Room to Swing, Ed Lacy, Harper, 1957, 177 pp
As part of My Big Fat Reading Project, I read the major award winning books from each year. The Edgar Award for mystery writing began in 1954. Aside from Raymond Chandler in 1955, none of the winning authors have stood the test of time. I had not heard of Ed Lacy before though he had a good reputation in the 1950s and has recently been brought back into reprint.
Ed Lacy is a pseudonym for crime writer Leonard Zinberg, a New Yorker, professional writer, political leftist and all around character. His lifelong interest in African American culture and leftist politics stemmed from his Jewish upbringing in 1920s Manhattan, on the fringes of Harlem. His wife was African American and many of his early stories concerned racial injustice.
In 1951, Zinberg published his first mystery as Ed Lacy, but it was Room to Swing with the first credible African American PI which brought him critical praise and the Edgar Award in 1958.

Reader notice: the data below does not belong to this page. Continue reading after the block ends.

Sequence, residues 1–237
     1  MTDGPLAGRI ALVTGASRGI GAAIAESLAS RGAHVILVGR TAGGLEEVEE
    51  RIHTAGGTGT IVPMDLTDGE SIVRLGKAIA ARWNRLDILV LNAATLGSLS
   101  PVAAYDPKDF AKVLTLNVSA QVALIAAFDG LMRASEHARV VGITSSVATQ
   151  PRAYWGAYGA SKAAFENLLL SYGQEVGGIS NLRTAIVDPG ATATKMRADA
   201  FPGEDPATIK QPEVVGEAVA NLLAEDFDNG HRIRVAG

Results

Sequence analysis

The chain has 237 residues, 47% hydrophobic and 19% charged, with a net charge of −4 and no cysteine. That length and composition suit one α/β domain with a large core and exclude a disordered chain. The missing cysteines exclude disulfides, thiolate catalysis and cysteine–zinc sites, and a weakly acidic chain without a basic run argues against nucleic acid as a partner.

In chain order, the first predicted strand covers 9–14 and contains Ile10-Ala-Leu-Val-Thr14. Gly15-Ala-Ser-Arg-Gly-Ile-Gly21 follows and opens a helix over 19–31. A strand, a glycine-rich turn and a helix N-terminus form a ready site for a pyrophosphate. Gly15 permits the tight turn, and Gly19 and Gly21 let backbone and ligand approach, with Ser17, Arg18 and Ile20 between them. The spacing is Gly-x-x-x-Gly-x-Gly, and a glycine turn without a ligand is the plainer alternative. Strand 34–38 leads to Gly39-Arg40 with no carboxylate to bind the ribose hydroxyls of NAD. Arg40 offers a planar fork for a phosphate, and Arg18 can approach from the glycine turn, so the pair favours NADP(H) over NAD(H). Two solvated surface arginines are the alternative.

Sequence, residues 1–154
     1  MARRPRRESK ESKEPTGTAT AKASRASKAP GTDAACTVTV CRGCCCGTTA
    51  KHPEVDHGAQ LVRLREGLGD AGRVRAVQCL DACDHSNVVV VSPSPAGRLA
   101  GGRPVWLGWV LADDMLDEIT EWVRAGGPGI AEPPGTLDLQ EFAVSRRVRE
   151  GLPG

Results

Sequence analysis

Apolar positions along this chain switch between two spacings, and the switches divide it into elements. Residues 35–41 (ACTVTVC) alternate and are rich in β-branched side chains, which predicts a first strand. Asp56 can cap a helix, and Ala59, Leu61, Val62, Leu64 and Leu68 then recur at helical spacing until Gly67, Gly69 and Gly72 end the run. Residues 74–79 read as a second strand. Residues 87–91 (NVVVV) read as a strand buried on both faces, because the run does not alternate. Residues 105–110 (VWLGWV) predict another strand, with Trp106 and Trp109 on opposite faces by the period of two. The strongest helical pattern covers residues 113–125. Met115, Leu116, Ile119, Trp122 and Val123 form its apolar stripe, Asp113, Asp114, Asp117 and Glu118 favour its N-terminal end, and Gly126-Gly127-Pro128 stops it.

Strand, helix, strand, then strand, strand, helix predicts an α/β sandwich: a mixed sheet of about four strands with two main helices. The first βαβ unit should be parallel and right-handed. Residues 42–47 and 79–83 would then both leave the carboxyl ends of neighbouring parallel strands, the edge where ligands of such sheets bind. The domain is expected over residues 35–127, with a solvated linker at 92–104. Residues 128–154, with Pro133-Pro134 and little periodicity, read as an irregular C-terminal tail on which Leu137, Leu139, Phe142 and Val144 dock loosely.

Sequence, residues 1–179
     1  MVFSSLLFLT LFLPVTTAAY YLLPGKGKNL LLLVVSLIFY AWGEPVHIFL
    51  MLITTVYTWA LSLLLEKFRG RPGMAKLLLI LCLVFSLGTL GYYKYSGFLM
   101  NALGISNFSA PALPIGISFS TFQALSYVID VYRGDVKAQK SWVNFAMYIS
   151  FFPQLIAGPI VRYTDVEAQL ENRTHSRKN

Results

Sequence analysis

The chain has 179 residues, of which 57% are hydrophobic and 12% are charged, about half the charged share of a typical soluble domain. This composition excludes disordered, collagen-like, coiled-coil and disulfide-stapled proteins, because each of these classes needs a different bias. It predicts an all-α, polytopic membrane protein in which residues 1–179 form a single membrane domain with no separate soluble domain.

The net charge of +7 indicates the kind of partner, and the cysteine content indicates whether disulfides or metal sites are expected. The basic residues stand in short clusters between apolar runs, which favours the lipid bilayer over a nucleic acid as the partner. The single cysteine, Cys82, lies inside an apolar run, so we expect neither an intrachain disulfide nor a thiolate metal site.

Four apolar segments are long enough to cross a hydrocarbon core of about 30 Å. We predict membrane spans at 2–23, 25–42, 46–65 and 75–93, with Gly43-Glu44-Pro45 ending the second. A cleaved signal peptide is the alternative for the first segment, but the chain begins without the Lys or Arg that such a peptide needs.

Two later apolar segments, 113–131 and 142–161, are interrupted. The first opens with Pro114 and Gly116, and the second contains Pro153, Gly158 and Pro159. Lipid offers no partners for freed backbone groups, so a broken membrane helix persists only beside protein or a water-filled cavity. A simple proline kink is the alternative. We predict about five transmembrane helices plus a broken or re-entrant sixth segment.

Touissant "Touie" Marcus Moore is living on the edge in a small apartment in Harlem, which doubles as his office, trying to make it as a private investigator. On a day when his funds are particularly low, he is lured into a TV promotional operation by a hot redhead who considers herself "sympathetic" to Negroes. Next thing he knows, Marcus is a murder suspect and must find the actual murderer in order to save himself.
He follows the trail of evidence to a small southern Ohio town. Lacy gets the Jim Crow elements of 1950s Ohio just right while he throws in some excellent Raymond Chandler style metaphors. A nice little love story develops in Ohio and bubbles beneath the surface of a fine mystery with some unusual quirks.
(Room to Swing is available in a nice paperback reprint by order from Once Upon A Time Bookstore.)